14. AMG
    May 09, 2012 @ 16:49:43

    Ugh! $16+ in Canada. I normally don’t like TT, but this sounded intriging. Why so bloody expensive? I also want it in e-version. I’ll wait.

  15. Maili
    May 09, 2012 @ 17:27:30

    @Elyssa: Somewhere in Time. /filmnerdmoment

    I was interested until I read the first excerpt. After YAs and self-published romantic novels, I’ve had my fill of first-person POV. At least for a while. Shame. Maybe some day.

  16. Susan
    May 09, 2012 @ 17:45:08

    This is definitely on my wish list, waiting for a price drop. (And I hope I remember to check on it later.)

  17. CK
    May 09, 2012 @ 17:49:12

    You had me sold at the two sentence summary, then I saw it was in 1st POV and the price was the final nail in the coffin. Bummer, I love TT romances (except for TTW, lol).

  18. Elyssa
    May 09, 2012 @ 17:49:15

    @Maili: Thanks, Maili! I knew I was off on the title but was too lazy to look it up.

  19. MaryK
    May 09, 2012 @ 17:52:42

    This reminds me that I have a copy of The Time Traveler’s Wife taking up space somewhere. I should get rid of it. At one time, I thought I might work up the nerve to read it and see what the fuss was about; but I seem to be getting more sensitive to tragedy rather than less.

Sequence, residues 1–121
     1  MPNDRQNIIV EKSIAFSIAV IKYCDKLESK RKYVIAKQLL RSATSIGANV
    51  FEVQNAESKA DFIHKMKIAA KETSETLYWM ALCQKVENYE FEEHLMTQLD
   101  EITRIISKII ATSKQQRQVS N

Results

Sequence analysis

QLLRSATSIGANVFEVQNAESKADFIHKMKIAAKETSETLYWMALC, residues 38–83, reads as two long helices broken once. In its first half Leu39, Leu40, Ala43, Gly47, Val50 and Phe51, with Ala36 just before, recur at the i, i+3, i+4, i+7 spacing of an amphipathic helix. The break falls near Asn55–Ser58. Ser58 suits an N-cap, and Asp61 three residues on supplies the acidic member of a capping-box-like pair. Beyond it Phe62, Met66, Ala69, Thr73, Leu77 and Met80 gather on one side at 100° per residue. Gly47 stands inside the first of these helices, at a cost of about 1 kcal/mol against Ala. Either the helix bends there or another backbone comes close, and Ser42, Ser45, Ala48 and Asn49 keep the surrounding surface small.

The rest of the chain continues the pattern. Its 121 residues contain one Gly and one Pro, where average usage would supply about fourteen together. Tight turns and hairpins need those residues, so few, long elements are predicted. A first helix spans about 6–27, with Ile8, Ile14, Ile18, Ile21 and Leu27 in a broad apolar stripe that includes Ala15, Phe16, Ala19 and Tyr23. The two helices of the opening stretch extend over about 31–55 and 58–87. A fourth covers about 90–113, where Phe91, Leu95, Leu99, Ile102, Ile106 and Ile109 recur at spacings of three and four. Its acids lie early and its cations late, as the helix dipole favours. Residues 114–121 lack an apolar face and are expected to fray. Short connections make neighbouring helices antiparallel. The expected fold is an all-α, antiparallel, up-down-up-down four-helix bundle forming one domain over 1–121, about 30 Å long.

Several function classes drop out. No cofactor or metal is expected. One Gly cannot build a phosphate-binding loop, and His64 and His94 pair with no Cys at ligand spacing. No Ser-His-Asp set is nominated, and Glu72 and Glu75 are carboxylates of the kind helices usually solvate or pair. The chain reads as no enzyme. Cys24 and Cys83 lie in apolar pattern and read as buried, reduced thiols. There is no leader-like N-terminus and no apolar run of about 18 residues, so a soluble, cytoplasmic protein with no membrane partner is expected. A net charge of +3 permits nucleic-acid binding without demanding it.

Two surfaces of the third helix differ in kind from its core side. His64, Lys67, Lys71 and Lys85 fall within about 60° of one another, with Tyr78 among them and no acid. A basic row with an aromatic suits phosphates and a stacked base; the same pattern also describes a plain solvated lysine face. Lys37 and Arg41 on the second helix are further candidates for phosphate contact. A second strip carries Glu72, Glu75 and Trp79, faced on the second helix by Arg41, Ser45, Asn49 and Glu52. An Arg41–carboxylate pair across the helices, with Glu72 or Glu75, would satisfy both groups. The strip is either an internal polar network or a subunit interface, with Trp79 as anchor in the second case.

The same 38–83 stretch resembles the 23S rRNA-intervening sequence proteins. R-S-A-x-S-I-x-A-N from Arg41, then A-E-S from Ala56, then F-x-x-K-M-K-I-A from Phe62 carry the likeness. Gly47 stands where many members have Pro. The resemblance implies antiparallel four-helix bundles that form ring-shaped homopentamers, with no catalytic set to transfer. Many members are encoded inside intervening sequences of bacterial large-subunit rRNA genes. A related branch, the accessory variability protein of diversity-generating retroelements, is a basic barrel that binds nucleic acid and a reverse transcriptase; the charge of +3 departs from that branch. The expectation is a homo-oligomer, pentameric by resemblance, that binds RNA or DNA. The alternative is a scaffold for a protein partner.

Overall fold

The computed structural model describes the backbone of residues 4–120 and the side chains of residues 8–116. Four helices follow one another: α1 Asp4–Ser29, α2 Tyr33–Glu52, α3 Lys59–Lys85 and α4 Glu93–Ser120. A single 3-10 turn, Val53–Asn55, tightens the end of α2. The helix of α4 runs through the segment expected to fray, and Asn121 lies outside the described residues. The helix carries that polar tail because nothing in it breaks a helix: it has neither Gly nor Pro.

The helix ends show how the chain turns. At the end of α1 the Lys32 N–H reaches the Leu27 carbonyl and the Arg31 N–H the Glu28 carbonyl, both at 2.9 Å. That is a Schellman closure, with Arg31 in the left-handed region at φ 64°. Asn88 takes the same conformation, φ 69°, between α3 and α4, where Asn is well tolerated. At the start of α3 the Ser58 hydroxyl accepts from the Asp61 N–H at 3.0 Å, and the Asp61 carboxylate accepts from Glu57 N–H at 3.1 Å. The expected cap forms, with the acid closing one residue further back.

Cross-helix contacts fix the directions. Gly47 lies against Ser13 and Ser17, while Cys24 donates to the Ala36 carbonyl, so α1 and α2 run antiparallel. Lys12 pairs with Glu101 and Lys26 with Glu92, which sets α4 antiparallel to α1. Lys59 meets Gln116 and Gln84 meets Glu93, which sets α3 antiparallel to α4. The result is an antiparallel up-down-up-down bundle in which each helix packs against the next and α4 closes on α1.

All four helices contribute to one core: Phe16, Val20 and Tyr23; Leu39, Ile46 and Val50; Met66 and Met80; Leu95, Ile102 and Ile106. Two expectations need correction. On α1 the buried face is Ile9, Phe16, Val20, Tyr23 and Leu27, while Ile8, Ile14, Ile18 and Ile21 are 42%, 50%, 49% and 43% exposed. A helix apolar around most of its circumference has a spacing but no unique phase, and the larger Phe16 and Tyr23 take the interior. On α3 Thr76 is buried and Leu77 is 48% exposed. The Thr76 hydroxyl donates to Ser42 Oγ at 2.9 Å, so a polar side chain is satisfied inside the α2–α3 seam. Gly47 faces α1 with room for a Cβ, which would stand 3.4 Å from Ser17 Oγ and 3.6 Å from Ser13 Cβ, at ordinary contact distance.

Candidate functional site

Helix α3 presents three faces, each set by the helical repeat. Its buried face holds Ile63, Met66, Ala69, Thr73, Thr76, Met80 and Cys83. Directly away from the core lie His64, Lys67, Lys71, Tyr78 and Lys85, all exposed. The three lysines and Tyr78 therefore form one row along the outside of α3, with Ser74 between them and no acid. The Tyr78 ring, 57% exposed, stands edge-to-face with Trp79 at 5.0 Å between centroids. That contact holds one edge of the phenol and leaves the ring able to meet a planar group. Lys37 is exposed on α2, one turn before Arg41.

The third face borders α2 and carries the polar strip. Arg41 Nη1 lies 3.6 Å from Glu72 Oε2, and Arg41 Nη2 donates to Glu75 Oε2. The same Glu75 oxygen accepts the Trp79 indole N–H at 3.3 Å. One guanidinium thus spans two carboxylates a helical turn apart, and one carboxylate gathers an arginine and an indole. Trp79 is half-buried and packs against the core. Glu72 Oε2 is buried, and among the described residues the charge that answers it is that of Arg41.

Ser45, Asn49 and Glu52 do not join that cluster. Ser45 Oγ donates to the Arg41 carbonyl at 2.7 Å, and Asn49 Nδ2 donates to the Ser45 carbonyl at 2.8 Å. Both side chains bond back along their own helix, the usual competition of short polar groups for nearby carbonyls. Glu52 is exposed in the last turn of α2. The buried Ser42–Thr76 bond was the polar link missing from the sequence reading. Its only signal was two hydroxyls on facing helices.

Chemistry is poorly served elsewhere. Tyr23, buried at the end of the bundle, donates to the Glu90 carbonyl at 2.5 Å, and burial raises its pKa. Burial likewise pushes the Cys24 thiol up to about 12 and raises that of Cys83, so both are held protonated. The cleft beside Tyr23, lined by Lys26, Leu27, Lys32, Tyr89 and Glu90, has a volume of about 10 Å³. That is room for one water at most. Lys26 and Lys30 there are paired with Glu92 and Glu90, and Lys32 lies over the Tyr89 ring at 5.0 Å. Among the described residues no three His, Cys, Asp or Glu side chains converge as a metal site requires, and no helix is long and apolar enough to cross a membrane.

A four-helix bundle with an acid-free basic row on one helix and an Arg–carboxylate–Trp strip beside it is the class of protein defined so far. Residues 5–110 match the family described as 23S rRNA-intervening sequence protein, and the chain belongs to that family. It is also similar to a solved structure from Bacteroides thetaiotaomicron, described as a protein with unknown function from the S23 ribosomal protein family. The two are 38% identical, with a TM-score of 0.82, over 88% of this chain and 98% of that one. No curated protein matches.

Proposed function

I don’t like time travel. Before paranormal hit big, I read a lot of books from the tiny futuristic/time travel section of my local UBS and ended up with an aversion to time travel. The heroines were always traveling back into history and trying to turn it modern (is that the embodiment of anachronism?) and then there was the end of Knight in Shining Armor which I found sad. I also somehow got ahold of a book tie-in to that Christopher Reeve and Jane Seymour movie. So, yeah, now I only read time travel if somebody says “it’s time travel but I liked it anyway.” LOL